For the first time in my life, I am truly free! What an awesome feeling! And this is how I accomplished this feat………………
In another lifetime, I was the most sentimental person you could imagine. This dates back to my childhood when I was unwilling to part with dolls and toys that I had outgrown. In fact just this past summer I finally bid farewell to “Pinky”, my faithful pajama pal since I was in kindergarten.
Letting go is a process. I took comfort in “things” for a variety of reasons. Of course it took time before I realized and finally understood why I became so attached to “things.”
Definitely there was security when I had familiar items surrounding me. I would take comfort in them and recall happier times whenever I felt down.
Pinky is a good example. I remember going to Ashdown’s with my dad on a Saturday afternoon. He was looking for a tool and I discovered Pinky. My dad passed away thirty-eight years ago, but I always felt that he was there with me because I had Pinky.
My mom passed away eighteen years ago. I treasured all the silver, china, antiques and knickknacks that came my way. And I wrongfully assumed that my children would appreciate having these items.
Apparently something got lost between generations. That something can best be described as “sentimentality.” My children vehemently refused my offers of what I considered to be treasures.
When my marriage ended, these items found their way either into auction houses or thrift stores. And this past summer I disposed of everything that had been in my storage unit since I moved to Mexico more than three years ago.
I must admit that getting rid of the first few items was extremely difficult. But then it gradually became a frenzy of activity in emptying all the bins and boxes of their contents. And the more I got rid of, the better I felt.
I did take photos of many of the items. My friend Carolyn is enjoying the footstool my mom made years ago.
This is the rocking chair I nursed my babies in. This was left behind at the house I rented last summer.
This cup and saucer were always very special to me. Whenever my children and I went to my Aunt Jan’s for a visit, she served tea and dainties. When she passed away, this was one of the treasures she left me.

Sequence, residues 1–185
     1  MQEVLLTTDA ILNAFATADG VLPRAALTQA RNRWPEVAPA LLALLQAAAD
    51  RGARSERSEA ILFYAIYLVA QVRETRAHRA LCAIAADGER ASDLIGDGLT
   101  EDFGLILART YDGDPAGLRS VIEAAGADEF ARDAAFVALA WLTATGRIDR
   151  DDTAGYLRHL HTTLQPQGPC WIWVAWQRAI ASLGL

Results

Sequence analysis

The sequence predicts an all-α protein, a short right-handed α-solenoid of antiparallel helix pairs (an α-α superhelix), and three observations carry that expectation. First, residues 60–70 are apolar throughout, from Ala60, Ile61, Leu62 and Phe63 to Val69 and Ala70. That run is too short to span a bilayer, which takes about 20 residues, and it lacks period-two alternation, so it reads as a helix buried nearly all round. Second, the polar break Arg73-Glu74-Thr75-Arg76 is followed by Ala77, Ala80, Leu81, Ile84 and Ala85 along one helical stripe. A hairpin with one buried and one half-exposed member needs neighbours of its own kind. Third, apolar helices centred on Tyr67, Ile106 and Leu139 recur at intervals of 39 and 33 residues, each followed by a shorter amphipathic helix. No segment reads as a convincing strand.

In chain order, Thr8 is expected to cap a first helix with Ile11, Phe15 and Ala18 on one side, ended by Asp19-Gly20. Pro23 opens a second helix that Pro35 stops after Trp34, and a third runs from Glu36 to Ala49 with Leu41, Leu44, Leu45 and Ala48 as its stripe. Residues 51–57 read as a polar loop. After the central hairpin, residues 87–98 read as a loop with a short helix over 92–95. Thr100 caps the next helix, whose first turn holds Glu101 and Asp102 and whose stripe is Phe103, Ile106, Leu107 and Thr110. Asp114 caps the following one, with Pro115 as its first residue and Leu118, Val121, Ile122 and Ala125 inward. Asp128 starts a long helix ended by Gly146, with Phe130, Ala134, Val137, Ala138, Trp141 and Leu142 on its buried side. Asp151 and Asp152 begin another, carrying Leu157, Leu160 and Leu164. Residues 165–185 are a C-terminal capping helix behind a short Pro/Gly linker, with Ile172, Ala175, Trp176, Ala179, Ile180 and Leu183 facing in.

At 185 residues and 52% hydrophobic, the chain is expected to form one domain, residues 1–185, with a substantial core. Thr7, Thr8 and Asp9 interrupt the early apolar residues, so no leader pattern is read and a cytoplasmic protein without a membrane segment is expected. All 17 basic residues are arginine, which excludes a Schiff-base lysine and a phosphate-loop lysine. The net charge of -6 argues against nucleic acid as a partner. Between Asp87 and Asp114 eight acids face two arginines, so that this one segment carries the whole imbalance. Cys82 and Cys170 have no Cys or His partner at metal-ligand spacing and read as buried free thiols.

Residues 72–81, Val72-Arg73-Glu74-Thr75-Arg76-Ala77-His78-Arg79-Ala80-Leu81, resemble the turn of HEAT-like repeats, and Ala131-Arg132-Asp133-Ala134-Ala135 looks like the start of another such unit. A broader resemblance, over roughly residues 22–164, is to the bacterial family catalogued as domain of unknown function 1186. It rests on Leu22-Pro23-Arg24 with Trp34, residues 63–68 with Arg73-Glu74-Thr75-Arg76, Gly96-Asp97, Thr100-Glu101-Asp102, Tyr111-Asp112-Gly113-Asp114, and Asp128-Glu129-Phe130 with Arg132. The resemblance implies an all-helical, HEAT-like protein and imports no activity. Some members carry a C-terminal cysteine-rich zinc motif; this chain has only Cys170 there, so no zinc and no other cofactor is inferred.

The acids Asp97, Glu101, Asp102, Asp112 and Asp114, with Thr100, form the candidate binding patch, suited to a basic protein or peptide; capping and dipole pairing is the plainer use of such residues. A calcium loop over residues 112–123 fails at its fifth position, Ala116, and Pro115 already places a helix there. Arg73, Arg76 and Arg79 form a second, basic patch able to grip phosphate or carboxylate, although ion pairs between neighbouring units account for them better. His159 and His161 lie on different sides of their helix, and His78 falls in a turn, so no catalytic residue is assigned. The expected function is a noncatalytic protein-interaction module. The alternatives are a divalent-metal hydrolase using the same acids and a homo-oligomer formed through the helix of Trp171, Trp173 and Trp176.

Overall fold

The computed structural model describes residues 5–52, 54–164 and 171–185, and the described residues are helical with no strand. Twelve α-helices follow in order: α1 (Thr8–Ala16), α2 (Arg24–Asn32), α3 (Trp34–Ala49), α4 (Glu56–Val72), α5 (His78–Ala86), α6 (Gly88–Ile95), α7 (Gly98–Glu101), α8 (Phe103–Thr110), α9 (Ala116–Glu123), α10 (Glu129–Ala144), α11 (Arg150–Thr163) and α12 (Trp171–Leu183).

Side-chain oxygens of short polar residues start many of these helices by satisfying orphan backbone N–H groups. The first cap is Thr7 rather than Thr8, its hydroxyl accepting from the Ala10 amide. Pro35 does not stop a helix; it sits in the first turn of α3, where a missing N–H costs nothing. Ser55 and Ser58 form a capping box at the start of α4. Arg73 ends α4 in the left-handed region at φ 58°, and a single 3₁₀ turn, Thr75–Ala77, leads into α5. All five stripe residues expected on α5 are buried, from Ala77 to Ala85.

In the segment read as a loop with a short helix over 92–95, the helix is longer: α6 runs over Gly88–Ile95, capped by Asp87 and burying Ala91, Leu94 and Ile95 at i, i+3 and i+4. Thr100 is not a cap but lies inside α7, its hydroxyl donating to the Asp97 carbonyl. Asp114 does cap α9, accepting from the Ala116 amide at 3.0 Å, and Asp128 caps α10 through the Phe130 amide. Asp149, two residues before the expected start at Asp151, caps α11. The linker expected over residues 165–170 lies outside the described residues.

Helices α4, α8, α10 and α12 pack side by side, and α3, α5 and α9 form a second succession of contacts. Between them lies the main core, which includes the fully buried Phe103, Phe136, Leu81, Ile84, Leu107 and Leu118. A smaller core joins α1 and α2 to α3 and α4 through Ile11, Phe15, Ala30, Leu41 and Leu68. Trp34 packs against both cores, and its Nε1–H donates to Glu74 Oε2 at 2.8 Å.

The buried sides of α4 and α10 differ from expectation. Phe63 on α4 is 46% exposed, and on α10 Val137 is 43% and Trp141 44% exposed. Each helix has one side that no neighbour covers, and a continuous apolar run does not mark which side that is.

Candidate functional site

This Cloisonne urn was a wedding gift to my parents. I sold it on Kijiji to a collector.
I could go on and on, but I think you get the idea. I don’t have a home in Winnipeg anymore, and a storage unit is just too costly. Let’s face it…..things are just things.
The other day my friend Donna sent me a picture of her granddaughter sitting in my childhood rocking chair. While I had always envisioned one of my own grandchildren sitting in that chair, it gave me great joy to see Donna’s grandchild rocking in that chair.
So how did these feelings of sentimentality evolve into feelings of ambivalence that enabled me to give away or sell items that had been in my family for years? Aside from the economic issues involved in maintaining a storage unit, my children also adamantly refused to store any of these treasures. They made it crystal clear that they had no interest in the antiques and collectibles.
Kudos to my son Kyle, though. I was able to convince him to store the family photo albums and framed pictures. And I did leave him a couple of small storage bins containing mostly gifts that my children had given me over the years. These I just could not part with. Perhaps they will grace my room in a nursing home later on in life, unless by some miracle I actually settle down somewhere for more than just a few months at a time.
And I have also spared my children the heartache of disposing of years of clutter when I am gone. I have vivid memories of doing this when my parents and two of my aunts passed away.
So here I am in Mexico with my life in two suitcases. And it feels great! There is absolutely nothing to tie me down anywhere anymore.
Things are temporary. But what is most important is very portable, and that is the love I carry with me in my heart.